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BLOG: Encouraging BYOD on your terms

Paul Chen | July 11, 2012
The inexorable march of IT consumerisation means BYOD has become a necessity for CIOs.

As the consumerisation of IT continues to evolve, so do CIO's attitudes towards Bring Your Own Device (BYOD). While some are still banning all non-corporate devices, many are endorsing mobile devices. However, BYOD for iPads, tablets, and Macs remain a sticking point for the majority of CIOs who are worried about losing control of IT security.

Despite these perceptions, the inexorable march of IT consumerisation means we have now reached a point where BYOD has become a matter of necessity for CIOs. They need to face up to the challenge of overcoming the risks associated with it, and make it a flawless, secure experience for staff, guest users and the organisation.

Any CIO considering BYOD will be aware of the need for network access controls to protect who, when, where, and how users and devices are accessing the network. Unfortunately, in the rush to be secure, all too often some of the most subtle nuances of balancing security against flexibility are overlooked with potentially unwanted consequences. To help avoid this, there are a handful of network access issues you should consider before even creating your BYOD policy, let alone deploying your shiny new BYOD solution.

Start with the basics first:

Don't forget the guests. We typically think of BYOD as employees bringing their personal devices to the workplace. But whenever a customer, contractor or partner pays a visit to another company, they will bring their corporate and their personal devices. These are part of BYOD - unmanaged devices that need to be granted controlled access to information resources on the network. Guests can account for a significant number of extra network users; hence you need to be able to provision guest accounts in an efficient manner without constant intervention by your IT personnel. As well as the obvious security risks, you also need to consider the main associated costs, including provisioning, managing and auditing guest accounts. A polite and convenient way of doing this can be via an e-mail or a text message that provides the access information to the guest. This provides them with the access they need, and you with the guest management information you require. This type of auto-registration, coupled with device fingerprinting capabilities can simplify the administration of BYOD considerably.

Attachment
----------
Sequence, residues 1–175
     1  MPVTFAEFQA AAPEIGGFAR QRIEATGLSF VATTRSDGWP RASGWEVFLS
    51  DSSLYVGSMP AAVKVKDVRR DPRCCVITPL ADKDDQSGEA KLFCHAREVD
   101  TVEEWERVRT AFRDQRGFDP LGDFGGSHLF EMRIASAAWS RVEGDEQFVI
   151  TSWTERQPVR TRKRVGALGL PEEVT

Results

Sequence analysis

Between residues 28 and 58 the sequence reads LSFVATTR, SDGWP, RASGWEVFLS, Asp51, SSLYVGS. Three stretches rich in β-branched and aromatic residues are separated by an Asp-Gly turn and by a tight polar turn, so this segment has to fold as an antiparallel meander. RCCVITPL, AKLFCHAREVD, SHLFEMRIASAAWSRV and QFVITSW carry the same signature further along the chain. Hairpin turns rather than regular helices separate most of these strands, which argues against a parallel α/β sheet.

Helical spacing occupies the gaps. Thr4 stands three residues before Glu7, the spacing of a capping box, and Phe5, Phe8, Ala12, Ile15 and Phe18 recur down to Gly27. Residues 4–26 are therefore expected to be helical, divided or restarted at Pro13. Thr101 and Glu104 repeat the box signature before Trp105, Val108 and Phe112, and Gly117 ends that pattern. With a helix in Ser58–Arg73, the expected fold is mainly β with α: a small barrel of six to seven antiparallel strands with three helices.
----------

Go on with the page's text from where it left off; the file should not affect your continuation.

Are you agnostic? A company's network infrastructure is rarely from just one vendor. Therefore it is critical that any network access solution is truly vendor agnostic and based on open standards so companies are not locked in to proprietary protocols and capabilities. Over time, you will make updates and upgrades to your network, hence it is critical not to create locking dependency between your network access control and network infrastructures. Fabric technology provides a unique and yet flexible way of providing guest access without exposing any of your converged infrastructure. Similarly, it is critical for any security solution to truly unify access control across your wired and wireless network infrastructure. This is important for both the user experience and for the IT department's ability to apply the same access policies across the board. After all, a user may be connected wirelessly and suddenly link in via a wired connection and all the while they expect a consistent user experience.


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